Studying for/Working on Nidan Grading – Part 1





Dave is testing for his nidan in two weeks. By the time we checked the information on JudoOntario’s website, we had only six weeks to prepare, or wait another six months or more for the next grading. Mike is to be Dave’s uke, so Mike had to be proficient in all the curriculum as well.  Lots of work to do and not much time.

We’ve been getting together at the Hamilton School of Martial Arts every Saturday afternoon, and Sunday, when possible. Luckily both guys have had Christmas week off, so we’ve been able to go in almost every day.  I say “luckily” only in the sense that we’ve had the opportunity to practice everything, but Mike has been thrown hundreds of times for the grading, right after having been thrown thousands of times for this website.  I think he needs a break.

For those of you who do not know what’s involved in a judo grading, imagine having to know and perfect all the throws, ground holds, joint locks and chokes, as well as having to learn the kata. For first degree, the kata comprises nine throws, thrown right and left side. For second degree (the grading Dave is doing), the kata is fifteen throws, both sides. Second degree also incudes nineteen additional throws, known as shinmeisho no waza.

The person being tested must have a partner, so his partner must know everything as well. In order for the throws to look good, the partner, uke, has to do good breakfalls. When being tested on ground techniques, uke must know what position to be in, in order for the technique to be applied. In a number of cases, uke initiates the technique. During the kata, uke attacks tori or pushes tori, depending on the throw. In most of the shimmeisho no waza, uke attacks tori and tori retaliates.

As you can see, uke’s role is crucial to the grading. We thought six weeks was perhaps too short a time, but Dave wanted to go for it, and Mike was willing. Since Mike had been involved in almost all the videos for this website, we all felt that we had already spent three months toward studying for the grading.

The grading is now two weeks away, literally. Both guys are exhausted, so today is a day off. They will only be able to get together another half dozen times before the grading, but the major obstacle is surmounted and now we’re on fine points and little errors.

Our most serious problem was, and is, an injury that Mike sustained about a week and a half ago. While being thrown with ura nage, Mike’s arm got trapped under Dave’s back and his body kept sliding. He ended up with a pinched nerve in his shoulder and an understandable fear of this throw. For several sessions, we walked through the throw, or did the kata, and did not throw the ura nage.  We had brainstorms: what are we doing wrong with the throw in order for Mike’s arm to be trapped? How do we practice the throw if Mike can’t be thrown? What if Mike’s not better by the day of the grading?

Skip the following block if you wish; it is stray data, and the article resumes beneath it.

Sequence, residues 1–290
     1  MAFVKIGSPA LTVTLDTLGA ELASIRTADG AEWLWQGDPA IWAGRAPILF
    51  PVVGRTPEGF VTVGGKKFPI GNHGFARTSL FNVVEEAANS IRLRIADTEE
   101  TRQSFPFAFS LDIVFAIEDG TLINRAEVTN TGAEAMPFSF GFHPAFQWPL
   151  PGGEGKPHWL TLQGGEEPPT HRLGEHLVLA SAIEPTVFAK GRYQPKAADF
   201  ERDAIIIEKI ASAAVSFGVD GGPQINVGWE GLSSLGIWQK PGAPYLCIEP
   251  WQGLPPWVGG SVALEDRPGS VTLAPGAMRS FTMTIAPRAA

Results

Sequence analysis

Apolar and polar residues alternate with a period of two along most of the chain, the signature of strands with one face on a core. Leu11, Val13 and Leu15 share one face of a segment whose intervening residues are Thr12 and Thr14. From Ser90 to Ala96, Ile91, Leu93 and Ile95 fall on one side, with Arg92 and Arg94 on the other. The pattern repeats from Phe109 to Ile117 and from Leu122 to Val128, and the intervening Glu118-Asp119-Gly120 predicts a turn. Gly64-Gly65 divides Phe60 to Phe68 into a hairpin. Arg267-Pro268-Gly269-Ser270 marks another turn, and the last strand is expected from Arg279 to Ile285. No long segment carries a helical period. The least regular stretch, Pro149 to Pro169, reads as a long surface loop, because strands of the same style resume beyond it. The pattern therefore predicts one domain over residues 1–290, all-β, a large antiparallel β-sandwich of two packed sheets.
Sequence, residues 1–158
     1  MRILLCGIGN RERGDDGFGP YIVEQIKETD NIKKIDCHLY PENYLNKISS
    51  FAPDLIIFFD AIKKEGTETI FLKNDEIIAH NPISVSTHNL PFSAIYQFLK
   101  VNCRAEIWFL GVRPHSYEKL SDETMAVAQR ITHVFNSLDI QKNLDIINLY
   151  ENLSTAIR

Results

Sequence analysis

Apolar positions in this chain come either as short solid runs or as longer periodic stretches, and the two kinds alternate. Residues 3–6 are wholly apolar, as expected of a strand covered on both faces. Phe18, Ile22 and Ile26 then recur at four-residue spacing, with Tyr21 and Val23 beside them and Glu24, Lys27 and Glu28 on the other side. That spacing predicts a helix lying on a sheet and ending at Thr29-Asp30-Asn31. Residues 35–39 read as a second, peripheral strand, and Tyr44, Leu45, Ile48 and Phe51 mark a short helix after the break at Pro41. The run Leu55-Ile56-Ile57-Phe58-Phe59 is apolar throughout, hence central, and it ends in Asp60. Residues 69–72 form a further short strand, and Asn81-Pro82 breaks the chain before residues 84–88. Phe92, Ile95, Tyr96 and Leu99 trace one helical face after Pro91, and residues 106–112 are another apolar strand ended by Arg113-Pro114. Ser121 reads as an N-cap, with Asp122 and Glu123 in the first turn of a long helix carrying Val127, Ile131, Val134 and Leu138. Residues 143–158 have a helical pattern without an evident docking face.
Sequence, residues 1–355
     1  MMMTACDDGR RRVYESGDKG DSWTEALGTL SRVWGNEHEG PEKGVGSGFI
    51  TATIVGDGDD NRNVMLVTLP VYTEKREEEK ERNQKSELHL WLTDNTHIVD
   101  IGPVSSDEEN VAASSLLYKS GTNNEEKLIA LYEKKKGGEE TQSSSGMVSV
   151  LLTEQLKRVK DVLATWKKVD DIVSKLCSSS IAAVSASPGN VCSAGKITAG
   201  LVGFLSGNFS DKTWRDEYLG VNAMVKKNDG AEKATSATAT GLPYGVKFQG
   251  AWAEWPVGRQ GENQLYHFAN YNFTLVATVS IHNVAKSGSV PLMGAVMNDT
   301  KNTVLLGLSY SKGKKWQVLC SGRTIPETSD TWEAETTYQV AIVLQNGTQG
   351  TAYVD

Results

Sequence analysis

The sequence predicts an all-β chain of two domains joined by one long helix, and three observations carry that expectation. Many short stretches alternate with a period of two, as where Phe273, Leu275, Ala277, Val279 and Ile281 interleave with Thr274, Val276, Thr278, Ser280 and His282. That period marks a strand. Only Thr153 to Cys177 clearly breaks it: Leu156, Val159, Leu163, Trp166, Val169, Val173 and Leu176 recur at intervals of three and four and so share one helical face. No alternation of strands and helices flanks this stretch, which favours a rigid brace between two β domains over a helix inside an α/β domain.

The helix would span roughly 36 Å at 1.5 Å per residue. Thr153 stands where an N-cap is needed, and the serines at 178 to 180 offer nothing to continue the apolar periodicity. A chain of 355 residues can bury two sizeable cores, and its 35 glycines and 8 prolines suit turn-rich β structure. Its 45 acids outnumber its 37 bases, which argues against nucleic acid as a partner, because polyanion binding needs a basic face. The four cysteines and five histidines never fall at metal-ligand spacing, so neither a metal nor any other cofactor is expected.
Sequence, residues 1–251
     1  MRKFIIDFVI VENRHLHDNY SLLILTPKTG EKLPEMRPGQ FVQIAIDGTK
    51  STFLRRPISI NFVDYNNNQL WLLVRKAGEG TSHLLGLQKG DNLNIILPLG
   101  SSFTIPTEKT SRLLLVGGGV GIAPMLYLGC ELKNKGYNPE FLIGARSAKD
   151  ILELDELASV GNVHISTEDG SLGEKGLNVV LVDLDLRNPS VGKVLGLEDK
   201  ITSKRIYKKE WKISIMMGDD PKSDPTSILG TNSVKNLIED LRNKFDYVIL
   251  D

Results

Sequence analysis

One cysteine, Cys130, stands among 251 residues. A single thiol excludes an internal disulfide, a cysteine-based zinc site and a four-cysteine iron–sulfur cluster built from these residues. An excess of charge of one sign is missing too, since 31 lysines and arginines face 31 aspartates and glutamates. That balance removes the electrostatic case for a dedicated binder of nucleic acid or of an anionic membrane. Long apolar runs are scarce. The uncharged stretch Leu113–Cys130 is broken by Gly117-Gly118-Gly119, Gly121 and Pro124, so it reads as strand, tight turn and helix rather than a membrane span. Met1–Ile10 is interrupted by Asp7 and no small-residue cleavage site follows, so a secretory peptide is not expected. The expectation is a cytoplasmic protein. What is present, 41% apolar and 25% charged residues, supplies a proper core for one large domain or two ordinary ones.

Eventually, two days ago, we came up with making a crash mat (there isn’t one in the club) using very old velcroed mats, piling them up and tying them together with belts (all those sailor knots came in handy). In addition, after some research, we decided that the way we’d been doing the throw over the years was slightly off, more to the back than the side, causing Dave to trap Mike’s arm. So Dave practiced his revised throwing technique and Mike practiced the breakfalls on the new crash mat. By half-way through the second day, we had no need of the crash mat and the guys were doing the throw full force on the normal floor. Mike’s arm is no longer trapped, now that we’re doing the throw from the side, and his injury is not impacted. We’re all relieved.

For the last few sessions, I’ve been videotaping the kata. We’ve all been critiquing it, and for the next couple of practice sessions, Dave and Mike will work on their individual and combined areas of concern. Next weekend we will have two long sessions comprising all the techniques which could be called upon for the nidan grading. There’s still lots to do, but our major problem has been solved.

Click here to go to Studying for/Working on Nidan Grading – Part 2

Click here to go to Studying for/Working on Nidan Grading – Part 3

ayjay

January 4, 2009

Afterword: We found out when Dave was tested (see Part Three [or Drei for the Germans out there] of this series), that the shinmeisho no waza was NOT required for nidan. We’ll certainly be ready for it next time around! ayjay, Feb., 2009

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One Response to “Studying for/Working on Nidan Grading – Part 1”

  1. Dave Says:

    I think we’ll be solid for the grading – Since Dan level grading only happen for me every decade or so (I did my Shodan 10 years ago!), I want to do well.

    A Huge thanks to Mike for all his help with this – You’ve definitely got a built-in Uke for your shodan grading when you go for it!

    Hopefully, assuming all goes well with the Nidan grading, Sandan won’t take so long… I was qualified to grade for Nidan about 6 years ago but never got around to it for a variety of reasons (too busy getting others ready for their grading, bad timing of the grading session, no uke available, etc, etc).